Image: The Chronicle of Higher Education
While everyone else worries about the toxicity of the oil, the physics of plume dispersion, and the costs to wildlife and workers across the gulf, one crew of scientists see a once-in-a-lifetime opportunity. The obvious ethical restrictions to releasing large amounts of methane (which contributes 25 times more greenhouse effect than carbon dioxide) into the ocean has complicated study of how seepage of natural gas at the ocean floor contributes to global warming. Their investigation could also help answer one of the questions everybody else is asking: just how much oil has been released?John Kessler, of the Department of Oceanography at Texas A&M; University in College Station, has dedicated his life to understanding the effect of natural methane seepage on global climate. The question is spurred by evidence that a large natural gas release might have triggered a spike in the earth's temperature about 55 million years ago. Deposits from that era show a significant increase in the proportion of C-12 (light) carbon relative to C-13 (heavy) carbon. Oceanic methane releases could account for the magnitude of C-12, while terrestrial sources seem unlikely: "To cause this type of global isotopic shift, you'd have to take all terrestrial plants and burn them into carbon dioxide," Kessler says in the June 11 edition of Science.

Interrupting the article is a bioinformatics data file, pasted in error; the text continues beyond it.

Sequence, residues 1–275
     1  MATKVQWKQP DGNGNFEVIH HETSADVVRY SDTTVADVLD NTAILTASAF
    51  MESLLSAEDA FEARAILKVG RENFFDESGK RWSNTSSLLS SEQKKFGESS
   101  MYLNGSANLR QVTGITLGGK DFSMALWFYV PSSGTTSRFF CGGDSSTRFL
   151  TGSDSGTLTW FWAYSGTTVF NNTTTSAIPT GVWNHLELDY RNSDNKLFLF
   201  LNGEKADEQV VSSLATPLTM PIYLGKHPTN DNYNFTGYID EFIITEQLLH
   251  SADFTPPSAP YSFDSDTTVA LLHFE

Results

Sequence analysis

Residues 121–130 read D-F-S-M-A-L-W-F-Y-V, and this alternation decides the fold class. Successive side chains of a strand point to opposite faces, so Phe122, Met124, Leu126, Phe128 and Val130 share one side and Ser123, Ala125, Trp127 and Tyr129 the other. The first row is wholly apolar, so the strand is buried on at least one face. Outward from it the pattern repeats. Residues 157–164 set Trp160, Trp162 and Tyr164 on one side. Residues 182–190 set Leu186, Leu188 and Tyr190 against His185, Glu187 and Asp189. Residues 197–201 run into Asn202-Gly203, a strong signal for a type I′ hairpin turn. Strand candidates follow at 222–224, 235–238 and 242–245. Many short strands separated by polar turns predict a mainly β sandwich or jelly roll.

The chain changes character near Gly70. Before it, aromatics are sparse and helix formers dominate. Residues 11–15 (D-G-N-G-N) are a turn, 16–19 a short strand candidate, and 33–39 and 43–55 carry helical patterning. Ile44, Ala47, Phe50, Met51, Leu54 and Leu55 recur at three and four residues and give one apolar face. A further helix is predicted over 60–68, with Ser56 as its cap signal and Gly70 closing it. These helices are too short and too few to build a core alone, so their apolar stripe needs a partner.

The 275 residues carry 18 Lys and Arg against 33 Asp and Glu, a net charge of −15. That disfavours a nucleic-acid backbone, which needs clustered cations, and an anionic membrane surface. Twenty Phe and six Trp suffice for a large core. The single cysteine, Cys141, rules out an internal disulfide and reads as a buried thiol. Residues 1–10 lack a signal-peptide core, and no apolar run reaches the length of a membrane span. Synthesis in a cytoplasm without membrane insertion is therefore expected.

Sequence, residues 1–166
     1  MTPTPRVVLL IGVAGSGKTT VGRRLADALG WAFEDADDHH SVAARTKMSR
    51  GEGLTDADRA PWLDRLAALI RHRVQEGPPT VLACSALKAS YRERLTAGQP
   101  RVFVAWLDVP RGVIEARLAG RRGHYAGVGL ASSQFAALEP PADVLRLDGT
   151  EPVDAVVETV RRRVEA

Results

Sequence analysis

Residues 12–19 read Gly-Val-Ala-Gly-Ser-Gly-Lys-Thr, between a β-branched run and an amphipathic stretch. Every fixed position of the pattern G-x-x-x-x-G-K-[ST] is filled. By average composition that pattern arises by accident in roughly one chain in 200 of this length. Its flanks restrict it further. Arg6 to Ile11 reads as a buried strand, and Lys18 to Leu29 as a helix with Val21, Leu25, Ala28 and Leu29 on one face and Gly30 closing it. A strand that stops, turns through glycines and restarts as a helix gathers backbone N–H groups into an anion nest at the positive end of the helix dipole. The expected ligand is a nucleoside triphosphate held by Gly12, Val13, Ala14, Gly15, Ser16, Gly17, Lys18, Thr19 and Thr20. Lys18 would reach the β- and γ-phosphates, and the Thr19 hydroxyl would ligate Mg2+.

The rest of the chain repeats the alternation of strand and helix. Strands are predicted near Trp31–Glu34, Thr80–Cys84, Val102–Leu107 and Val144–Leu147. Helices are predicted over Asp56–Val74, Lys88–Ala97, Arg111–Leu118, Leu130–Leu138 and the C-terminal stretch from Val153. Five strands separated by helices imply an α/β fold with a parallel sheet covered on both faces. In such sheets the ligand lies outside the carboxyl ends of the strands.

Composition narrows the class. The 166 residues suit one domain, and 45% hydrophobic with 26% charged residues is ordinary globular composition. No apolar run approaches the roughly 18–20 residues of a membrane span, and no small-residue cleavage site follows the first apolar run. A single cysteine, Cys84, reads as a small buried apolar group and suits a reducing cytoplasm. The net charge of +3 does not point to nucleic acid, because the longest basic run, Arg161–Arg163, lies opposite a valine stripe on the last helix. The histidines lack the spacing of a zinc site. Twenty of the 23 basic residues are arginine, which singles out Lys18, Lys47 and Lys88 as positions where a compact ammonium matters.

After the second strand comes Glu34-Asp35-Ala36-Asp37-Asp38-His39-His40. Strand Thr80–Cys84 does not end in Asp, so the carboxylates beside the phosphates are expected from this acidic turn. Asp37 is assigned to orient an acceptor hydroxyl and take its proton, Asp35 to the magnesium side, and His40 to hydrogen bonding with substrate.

Oceanographer David Valentine of the University of California, Santa Barbara, will join Kessler on the cruise. Valentine believes the methane measurements planned for these experiments will be more reliable than video or satellite images for calculating the scope of this disaster. Methane, unlike oil, can dissolve in and mix with the water, distributing more evenly than the oil, which is suspended in the water in droplets or gobs.
According to BP estimates, approximately 40% of the mass spewing from the deepwater reservoir consists of methane, much of which reacts with water in the cool, pressurized depths to form crystals similar to ice -- the "ice crystals" that have complicated efforts to contain the release. This methane plume is not enough to affect modern climate, according to Kessler, but the BP oil disaster presents a unique laboratory for his research.
The team will attempt to understand the fate and distribution of the methane released in the BP oil gusher. Is 1% released into the atmosphere, or 90%? This information will certainly interest others studying the plumes' effects. For example, if more methane remains tied up in the ocean depths, the microbial buffet will contribute more seriously to oxygen depletion, and a corresponding loss of biodiversity. The team will return from the research cruise around 20 June with their initial data.
More on the BP Oil Spill:
First Underwater Images of the Gulf Oil Leak (What BP Won't Show You)
BP Gulf Oil Spill Cheat Sheet: A Timeline of Unfortunate Events
Loop Current Now Dragging Gulf Oil Disaster Towards Florida Keys
Should Obama Hail Oil Disaster as a Clean Energy Wake Up Call?